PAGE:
HUDSON — A St. Croix County judge on Monday, Oct. 12, denied a temporary injunction request in a lawsuit to block Gov. Tony Evers’ statewide mask mandate and extended COVID-19 emergency declaration.

“Today’s ruling is a victory in our fight against COVID-19 and our efforts to keep the people of Wisconsin safe and healthy during this unprecedented crisis,” Evers said in a statement reacting to the court decision.

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Circuit Court Judge R. Michael Waterman ruled that Evers is allowed to issue successive emergency declarations for a continuing crisis, and that doing so does not sidestep the 60-day limit imposed on such orders.

“The 60-day limit provides an important check against run-away executive power, but it does not prevent the governor from issuing a new executive order when the emergency conditions continue to exist,” Waterman wrote in his decision.

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He further put the onus on the state Legislature — not the court system — to end the emergency declaration before the 60 days are up.

“The legislature can end the state of emergency at anytime, but so far, it has declined to do so,” Waterman wrote. “As the statewide representative body of the citizens of Wisconsin, the legislature’s inaction is relevant and it weighs against judicial intervention, especially when the requested intervention will have statewide impact.”

Conservative law group Wisconsin Institute for Law and Liberty requested an injunction Sept. 28 in the lawsuit originally filed in August on behalf of three Wisconsinites challenging Evers’ power to issue multiple orders for the same crisis without approval from the Legislature. The Democratic governor issued an emergency declaration July 30 and extended it Sept. 22.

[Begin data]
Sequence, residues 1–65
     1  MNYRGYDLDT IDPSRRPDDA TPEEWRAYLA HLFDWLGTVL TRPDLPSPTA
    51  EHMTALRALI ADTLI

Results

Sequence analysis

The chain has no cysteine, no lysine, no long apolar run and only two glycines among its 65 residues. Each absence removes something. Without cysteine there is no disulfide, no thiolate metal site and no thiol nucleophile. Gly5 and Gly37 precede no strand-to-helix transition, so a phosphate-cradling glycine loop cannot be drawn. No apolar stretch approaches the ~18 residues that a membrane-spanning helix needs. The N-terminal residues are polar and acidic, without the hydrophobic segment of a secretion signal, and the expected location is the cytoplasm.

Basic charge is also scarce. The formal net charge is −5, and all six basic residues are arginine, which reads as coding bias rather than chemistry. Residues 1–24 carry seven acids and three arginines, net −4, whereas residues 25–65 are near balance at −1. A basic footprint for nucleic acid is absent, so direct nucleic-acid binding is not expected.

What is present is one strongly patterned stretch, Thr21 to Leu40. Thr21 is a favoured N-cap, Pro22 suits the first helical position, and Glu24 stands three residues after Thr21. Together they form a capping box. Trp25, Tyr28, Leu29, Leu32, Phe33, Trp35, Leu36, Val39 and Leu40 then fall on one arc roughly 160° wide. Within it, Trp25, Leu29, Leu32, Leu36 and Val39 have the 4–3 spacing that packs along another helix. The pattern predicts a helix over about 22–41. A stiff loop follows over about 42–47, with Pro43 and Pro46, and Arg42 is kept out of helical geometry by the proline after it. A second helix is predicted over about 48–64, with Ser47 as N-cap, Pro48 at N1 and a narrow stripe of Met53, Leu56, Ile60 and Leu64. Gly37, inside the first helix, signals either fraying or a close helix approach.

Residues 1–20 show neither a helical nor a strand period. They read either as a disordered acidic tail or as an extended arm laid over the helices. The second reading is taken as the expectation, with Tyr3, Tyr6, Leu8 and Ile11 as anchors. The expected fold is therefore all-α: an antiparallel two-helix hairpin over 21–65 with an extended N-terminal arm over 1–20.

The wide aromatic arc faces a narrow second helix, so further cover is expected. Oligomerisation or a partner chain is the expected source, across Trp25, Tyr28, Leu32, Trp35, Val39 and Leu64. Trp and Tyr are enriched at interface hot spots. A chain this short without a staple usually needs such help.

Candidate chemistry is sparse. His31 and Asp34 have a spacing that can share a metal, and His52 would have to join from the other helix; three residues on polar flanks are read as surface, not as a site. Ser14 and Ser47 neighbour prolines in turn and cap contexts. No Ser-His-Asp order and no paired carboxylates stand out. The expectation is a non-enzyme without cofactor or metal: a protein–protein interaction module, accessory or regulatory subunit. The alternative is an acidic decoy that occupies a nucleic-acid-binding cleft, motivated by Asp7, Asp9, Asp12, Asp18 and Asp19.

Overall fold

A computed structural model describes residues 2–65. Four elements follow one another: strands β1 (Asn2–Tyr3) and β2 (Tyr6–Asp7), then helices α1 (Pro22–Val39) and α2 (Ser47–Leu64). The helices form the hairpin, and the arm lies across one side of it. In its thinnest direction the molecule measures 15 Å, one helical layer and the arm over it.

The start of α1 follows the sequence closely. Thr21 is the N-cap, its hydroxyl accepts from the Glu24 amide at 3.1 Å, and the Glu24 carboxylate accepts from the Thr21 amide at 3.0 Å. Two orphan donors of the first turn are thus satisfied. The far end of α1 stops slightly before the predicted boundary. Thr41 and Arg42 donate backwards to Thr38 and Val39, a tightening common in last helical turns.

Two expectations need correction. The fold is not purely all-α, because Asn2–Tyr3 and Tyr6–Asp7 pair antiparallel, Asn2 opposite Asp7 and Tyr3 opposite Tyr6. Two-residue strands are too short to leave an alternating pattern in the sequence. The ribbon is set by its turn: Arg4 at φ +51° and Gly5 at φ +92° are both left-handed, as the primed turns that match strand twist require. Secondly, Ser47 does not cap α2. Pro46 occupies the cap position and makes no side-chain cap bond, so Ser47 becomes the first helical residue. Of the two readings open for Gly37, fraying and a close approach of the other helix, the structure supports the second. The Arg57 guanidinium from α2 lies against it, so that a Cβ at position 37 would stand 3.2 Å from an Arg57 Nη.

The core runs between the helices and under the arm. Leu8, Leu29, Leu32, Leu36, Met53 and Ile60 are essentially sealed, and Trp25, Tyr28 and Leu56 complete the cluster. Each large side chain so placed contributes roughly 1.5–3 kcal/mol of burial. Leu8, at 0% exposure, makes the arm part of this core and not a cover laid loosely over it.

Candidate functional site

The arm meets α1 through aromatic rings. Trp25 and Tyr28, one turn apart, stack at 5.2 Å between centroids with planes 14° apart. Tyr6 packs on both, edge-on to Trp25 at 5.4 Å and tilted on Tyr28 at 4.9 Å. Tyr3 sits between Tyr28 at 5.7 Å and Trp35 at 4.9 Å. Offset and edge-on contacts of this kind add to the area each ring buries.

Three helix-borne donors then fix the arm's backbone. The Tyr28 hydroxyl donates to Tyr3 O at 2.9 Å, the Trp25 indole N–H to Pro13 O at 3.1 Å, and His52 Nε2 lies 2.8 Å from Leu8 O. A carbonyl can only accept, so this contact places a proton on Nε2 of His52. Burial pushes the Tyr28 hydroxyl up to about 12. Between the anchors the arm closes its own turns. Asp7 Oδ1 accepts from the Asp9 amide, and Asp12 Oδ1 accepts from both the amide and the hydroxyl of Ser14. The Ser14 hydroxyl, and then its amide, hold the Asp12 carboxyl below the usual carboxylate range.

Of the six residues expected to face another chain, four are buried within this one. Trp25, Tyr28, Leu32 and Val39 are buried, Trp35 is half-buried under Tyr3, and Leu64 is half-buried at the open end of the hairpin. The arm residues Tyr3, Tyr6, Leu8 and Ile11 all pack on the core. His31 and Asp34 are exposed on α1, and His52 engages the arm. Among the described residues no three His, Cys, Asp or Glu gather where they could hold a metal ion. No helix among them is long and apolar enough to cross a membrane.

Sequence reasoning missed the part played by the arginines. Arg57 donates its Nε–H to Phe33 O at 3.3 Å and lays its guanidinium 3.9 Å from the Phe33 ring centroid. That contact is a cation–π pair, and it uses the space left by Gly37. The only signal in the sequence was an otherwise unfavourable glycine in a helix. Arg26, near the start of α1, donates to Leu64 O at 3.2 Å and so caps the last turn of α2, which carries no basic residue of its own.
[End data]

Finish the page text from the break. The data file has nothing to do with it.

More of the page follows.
The group intends to appeal the judge’s decision, according to WILL President Rick Esenberg.

"It is with regret that the Judge held that the Governor of the State of Wisconsin can rule the state by decree for an unlimited amount of time with the acquiescence of the legislature," Esenberg is quoted as saying in a Twitter post Monday morning.

The lawsuit was filed in Polk County, but judges there recused themselves from the case, sending it to neighboring St. Croix County instead.

The Wisconsin Supreme Court overturned the Evers administration’s Safer at Home order in May following a lawsuit brought by the GOP-controlled state Legislature. A recent order limiting indoor public gatherings to 25% of posted occupancy also appeared to be poised for a similar court challenge. Assembly Speaker Robin Vos, R-Rochester, in a statement Oct. 7 said GOP lawmakers are confident a judge would find the order invalid. He called on the state health department to submit the emergency rule to a joint legislative committee for review.

There were more than 150,000 confirmed cases of COVID-19 in Wisconsin and 1,465 deaths as of Sunday, Oct. 11, according to the Department of Health Services.

The governor’s latest emergency declaration remains in effect until Nov. 21.